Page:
We have thought very hard about the subject of strategic planning for many years. We have come to the conclusion that there is no simple answer explaining the distinction between the ongoing planning of a business and a strategic analysis. It is not one sentence. It is a matter of degree, a matter of rigor, a matter of time frame, and a matter of dissolving constraints. Perhaps more than anything, it is the challenge of addressing the big questions, the types of questions that do, in fact, affect the status quo. Perhaps more than anything, strategic planning is the proactive management of material change, not simply the incrementalism of a going forward approach.
Not every business is ready to take on all of the key elements that drive strategy. In what follows, we attempt to discuss a handful of subjects that apply to every company. These subjects are the ones that have helped shape our 11 Questions approach. Understanding these can help you and your company address whether it is prepared to engage in this type of inquiry.
The Purpose of Strategic Planning
All companies are obligated to look into the future. For all, they want to know:
- Are our current markets expanding or contracting?
- Are products more or less competitive?
- Are we becoming more efficient in product delivery and management, or are we becoming less efficient?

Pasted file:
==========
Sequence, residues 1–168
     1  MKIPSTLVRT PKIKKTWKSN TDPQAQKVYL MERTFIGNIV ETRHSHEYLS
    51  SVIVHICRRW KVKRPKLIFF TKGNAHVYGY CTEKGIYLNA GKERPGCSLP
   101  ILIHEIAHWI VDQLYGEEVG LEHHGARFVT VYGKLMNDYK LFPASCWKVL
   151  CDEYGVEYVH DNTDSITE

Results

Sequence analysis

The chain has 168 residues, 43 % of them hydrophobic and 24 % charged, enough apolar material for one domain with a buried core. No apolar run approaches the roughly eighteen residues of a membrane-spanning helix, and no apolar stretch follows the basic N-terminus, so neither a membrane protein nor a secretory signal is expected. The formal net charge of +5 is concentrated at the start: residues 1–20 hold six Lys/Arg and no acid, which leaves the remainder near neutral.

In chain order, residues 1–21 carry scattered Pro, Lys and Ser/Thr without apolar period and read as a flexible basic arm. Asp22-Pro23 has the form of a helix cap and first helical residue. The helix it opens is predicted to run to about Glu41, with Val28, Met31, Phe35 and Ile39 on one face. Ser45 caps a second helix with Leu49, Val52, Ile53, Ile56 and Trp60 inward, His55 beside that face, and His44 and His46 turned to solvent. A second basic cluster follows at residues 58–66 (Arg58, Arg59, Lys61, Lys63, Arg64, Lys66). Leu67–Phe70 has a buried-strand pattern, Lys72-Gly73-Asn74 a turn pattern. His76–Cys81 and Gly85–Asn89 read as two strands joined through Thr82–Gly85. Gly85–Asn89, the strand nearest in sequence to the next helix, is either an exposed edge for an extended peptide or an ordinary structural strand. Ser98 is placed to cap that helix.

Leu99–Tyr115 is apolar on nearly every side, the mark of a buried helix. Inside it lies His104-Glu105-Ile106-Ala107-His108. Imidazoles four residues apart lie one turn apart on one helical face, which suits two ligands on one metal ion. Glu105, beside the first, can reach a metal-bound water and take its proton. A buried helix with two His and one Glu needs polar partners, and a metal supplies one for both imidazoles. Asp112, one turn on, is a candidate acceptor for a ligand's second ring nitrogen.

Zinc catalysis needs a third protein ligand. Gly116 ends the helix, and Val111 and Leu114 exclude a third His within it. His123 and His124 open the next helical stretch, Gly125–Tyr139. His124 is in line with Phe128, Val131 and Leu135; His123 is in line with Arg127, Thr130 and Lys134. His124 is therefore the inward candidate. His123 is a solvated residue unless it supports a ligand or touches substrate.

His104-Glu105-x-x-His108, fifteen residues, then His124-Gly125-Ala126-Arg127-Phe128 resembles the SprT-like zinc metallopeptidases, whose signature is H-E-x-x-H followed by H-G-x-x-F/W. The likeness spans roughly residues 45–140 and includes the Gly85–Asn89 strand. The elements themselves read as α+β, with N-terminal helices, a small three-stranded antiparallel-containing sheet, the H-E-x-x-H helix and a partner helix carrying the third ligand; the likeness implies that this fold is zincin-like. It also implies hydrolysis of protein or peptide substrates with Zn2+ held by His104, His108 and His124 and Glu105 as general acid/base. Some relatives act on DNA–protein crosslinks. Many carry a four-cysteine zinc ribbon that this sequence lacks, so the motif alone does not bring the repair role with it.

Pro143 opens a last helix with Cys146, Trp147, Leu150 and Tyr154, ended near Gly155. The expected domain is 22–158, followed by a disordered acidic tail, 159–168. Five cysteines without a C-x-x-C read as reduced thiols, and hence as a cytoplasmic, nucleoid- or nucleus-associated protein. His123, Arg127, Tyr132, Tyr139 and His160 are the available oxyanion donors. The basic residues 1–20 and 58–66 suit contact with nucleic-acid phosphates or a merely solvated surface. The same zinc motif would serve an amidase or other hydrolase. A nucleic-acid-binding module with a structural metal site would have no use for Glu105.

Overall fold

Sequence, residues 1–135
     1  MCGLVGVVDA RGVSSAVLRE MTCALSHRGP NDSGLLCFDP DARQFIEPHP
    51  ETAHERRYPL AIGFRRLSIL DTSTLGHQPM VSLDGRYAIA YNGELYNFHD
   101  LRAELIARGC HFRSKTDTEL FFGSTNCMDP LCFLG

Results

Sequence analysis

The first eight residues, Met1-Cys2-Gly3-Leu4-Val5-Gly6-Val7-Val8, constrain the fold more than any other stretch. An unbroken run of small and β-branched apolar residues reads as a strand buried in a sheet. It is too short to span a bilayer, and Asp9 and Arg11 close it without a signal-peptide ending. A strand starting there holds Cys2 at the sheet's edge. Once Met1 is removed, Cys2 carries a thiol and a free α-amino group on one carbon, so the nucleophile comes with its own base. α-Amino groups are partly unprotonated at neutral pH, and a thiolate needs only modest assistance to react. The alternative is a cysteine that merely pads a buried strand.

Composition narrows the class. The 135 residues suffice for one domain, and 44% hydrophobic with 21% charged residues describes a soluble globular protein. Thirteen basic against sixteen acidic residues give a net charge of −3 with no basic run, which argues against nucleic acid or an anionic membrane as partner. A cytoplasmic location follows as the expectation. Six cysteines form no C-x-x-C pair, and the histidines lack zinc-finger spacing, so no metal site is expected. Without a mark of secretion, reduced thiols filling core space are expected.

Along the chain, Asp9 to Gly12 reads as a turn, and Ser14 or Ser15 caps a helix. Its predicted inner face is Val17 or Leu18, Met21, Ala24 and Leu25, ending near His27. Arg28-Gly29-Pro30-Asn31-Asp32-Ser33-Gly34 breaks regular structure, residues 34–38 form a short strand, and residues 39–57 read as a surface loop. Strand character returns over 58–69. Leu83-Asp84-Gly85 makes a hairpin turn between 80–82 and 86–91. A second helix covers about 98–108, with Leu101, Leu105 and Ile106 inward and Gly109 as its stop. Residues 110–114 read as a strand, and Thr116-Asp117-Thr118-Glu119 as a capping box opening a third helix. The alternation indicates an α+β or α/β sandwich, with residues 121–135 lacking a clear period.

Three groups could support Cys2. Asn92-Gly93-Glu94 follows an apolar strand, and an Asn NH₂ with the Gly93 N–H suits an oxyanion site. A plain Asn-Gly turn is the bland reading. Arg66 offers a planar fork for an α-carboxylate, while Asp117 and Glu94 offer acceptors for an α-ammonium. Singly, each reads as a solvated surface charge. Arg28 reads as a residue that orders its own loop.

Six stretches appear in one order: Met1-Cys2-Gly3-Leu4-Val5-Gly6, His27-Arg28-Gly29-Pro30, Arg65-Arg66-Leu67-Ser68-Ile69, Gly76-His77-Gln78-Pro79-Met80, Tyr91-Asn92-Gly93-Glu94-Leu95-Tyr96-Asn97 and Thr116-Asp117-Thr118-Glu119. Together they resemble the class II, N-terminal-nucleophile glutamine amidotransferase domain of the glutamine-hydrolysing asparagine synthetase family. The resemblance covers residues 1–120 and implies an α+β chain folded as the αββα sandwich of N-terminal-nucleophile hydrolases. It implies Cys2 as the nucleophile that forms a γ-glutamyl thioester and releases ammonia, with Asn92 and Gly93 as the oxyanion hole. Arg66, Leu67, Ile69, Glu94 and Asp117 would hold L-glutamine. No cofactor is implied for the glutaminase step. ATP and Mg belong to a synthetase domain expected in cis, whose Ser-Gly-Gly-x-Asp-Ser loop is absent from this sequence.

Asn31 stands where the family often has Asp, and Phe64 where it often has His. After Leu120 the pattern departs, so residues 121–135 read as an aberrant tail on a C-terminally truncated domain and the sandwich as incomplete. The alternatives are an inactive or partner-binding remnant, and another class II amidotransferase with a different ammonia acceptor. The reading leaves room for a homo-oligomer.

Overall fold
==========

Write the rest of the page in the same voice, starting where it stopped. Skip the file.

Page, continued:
- What is the position of our products on the product life cycle curve?
- Do we have any new ideas?
- Can we improve on our leadership model?
Really? 11 Questions?
The eleven questions provide a window into almost every critical sector of a company. The questions are all inclusive. They cover the waterfront of corporate interest.
Your guys agree.
Each touches on a mission critical component of the company, ultimately allowing for a full audit of the company – products, selling, technology, human resources, marketing, finance, etc.
Not only will you achieve your traditional strategic planning effort goals, this method enhances that substantially. It gives you a chance to identify new leaders, and a greater certainty with regard to who are the real content leaders in the company. It forces the leadership to acknowledge real problems, challenges and opportunities, and start building cross team support for the activities that will surely come. This process builds commitment for the end state.
The very first round of this model enables you to get at immediate solutions for some set of problems and associated solutions that, for what ever reason, the organization had not been stepping up to.
Ultimately, the exercise builds internal support.
This is Different
There are obviously a number of ways one could embark on such an effort, but most companies engage high quality consulting companies who provide conventional consulting support for a planning effort.
We strongly believe that conventional planning approaches do not reliably result in the changes drawn from the planning activities. Instead, planning needs to be much more crisp and to the point. Your organization’s leaders and smartest people in a company need to be the primary participants in the process, instead of potentially being the reluctant recipients of a plan perhaps created by outside consultants.
So, yes, this is different. By design.